Bad Movies

The 50 Worst Movies Ever Made

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We’re rapidly inching past the point where great movies of note are making the transition to Blu-ray, and getting more of the dreck — in gorgeous high-def and lossless sound. And thus, this week, we have the Blu-ray release of Congo, the notorious 1995 talking-ape turkey adapted from the Michael Crichton novel. Those who haven’t forgotten it (and most have) hold the movie in fairly low regard; at the time of its release, I can even recall a few tossing it in with the worst movies of all time. But let’s get real: Congo is a masterpiece compared to these true terrors from Hollywood’s hall of …Read More

Flavorwire Interview: Joel Hodgson on 25 Years of ‘Mystery Science Theater 3000’

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Twenty-five years ago this Sunday, a little UHF station in Minneapolis called KTMA debuted a bizarre movies-and-puppet show from a well-known local comedian named Joel Hodgson. The show was called Mystery Science Theater 3000, and from those humble beginnings, it blossomed into a cult phenomenon: a year later, it was picked up for national broadcast by the new Comedy Channel (which would later morph into Comedy Central), where it ran for seven seasons before transferring to the Sci-Fi Channel for three more. But even though the show has been off the air for over 14 years, it lives on.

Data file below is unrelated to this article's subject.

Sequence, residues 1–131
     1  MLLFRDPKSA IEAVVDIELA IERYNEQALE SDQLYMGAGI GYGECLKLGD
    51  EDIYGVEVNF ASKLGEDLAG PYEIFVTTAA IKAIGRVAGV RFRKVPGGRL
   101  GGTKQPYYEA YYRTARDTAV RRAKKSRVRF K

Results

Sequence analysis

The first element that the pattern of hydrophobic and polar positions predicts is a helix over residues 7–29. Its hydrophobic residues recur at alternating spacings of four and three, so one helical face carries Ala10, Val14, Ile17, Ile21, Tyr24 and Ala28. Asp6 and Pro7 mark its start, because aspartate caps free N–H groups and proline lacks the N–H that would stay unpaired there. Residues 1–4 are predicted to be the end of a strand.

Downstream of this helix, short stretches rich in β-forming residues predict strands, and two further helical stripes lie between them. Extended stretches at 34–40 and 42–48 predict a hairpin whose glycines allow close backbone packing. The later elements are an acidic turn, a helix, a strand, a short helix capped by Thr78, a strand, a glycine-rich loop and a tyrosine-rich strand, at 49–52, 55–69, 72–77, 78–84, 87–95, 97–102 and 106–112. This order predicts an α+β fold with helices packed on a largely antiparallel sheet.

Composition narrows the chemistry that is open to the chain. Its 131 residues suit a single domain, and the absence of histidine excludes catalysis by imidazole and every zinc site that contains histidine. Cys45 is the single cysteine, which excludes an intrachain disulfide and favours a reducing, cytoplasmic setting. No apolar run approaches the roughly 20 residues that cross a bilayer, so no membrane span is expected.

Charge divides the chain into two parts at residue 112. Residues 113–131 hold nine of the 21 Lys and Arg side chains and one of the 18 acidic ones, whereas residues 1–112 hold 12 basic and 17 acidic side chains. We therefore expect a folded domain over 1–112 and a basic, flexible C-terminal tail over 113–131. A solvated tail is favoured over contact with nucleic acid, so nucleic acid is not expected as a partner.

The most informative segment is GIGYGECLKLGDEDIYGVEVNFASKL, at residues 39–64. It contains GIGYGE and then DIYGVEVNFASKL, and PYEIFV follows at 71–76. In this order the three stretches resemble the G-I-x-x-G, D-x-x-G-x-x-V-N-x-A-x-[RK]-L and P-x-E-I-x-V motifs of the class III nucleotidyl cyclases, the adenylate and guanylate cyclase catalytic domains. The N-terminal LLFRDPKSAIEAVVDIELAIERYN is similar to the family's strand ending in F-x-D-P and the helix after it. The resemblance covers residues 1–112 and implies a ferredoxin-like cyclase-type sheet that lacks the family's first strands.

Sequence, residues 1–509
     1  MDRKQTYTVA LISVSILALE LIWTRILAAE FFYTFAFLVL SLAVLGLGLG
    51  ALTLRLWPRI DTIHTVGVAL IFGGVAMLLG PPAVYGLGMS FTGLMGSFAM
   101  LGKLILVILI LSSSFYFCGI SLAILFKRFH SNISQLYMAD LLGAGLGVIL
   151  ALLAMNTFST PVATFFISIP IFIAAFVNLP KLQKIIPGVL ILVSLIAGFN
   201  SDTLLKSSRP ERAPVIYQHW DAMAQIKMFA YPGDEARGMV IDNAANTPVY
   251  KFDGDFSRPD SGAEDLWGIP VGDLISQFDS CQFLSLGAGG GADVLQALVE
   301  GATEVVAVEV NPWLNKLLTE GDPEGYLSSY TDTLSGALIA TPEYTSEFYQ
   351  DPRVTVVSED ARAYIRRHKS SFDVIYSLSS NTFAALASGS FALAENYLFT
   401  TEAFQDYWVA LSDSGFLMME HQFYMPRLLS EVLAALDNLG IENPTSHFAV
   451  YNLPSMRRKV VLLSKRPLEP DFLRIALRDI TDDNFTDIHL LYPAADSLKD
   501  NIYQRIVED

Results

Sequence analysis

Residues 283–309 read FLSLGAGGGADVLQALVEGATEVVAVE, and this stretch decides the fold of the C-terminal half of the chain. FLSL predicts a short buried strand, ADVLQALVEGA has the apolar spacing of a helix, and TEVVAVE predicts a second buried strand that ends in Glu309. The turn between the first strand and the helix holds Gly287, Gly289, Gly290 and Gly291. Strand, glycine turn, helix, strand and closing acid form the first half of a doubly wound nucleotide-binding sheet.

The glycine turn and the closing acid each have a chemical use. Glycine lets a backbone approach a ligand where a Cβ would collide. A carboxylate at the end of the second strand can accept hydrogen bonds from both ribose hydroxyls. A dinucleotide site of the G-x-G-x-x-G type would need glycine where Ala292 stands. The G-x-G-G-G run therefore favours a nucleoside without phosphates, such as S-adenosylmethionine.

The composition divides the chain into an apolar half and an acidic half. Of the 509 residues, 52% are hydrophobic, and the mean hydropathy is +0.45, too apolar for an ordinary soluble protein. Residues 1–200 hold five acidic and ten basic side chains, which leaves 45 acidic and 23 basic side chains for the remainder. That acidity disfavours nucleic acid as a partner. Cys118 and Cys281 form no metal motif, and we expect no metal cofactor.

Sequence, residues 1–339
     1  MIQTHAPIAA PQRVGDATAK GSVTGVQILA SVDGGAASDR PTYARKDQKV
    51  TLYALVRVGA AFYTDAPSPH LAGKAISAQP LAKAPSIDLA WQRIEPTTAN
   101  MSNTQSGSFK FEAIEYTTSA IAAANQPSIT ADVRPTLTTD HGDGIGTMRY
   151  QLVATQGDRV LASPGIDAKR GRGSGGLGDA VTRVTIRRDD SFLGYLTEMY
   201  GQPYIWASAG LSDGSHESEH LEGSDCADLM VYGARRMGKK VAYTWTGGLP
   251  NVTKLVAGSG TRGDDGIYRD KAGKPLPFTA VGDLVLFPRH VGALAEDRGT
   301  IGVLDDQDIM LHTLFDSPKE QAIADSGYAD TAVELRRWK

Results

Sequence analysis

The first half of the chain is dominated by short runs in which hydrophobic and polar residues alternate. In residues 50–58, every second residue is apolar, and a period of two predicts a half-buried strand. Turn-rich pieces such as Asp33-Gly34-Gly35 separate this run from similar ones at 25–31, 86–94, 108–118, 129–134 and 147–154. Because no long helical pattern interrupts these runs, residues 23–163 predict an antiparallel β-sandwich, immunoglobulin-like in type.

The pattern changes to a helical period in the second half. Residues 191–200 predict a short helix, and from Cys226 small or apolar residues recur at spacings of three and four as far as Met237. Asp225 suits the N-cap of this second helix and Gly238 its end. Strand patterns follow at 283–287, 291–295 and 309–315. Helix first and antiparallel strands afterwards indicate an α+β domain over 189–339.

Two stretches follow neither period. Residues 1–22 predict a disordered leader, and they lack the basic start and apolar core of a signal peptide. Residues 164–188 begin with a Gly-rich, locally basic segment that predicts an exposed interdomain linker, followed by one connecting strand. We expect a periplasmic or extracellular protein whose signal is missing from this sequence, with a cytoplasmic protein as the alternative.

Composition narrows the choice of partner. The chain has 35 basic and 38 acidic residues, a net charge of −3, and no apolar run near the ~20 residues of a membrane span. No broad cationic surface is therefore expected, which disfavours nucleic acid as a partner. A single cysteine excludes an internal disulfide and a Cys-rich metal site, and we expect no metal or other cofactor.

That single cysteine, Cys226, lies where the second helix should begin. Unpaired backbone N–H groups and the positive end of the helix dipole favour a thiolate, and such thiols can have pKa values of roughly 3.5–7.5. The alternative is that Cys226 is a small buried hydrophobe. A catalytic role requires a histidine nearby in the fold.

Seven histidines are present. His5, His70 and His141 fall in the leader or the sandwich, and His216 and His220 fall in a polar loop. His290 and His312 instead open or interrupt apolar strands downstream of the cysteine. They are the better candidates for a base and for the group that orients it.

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Why the ‘Sharknado’ People Are Doing Bad Movies Wrong

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Last night, the Syfy Channel aired a little something called Sharknado, a made-for-TV movie about… well, a shark tornado. “Enough said,” as the ads insisted. The film, which featured such D-list luminaries as Tara Reid and Ian Ziering, was the latest collaboration between the network and Asylum, the studio behind such “mockbusters” (closely titled blockbuster ripoffs viewed, almost entirely, by accident) as Transmorphers, Paranormal Entity, and Abraham Lincoln vs. Zombies. Their previous Syfy originals have included 2-Headed Shark Attack, Mega Shark vs. Crocosaurus, and Mega Pirahna. They’re making a very good living creating bad movies — but you can’t create bad movies. Asylum and Syfy, at risk of being a buzzkill, are doing it wrong.
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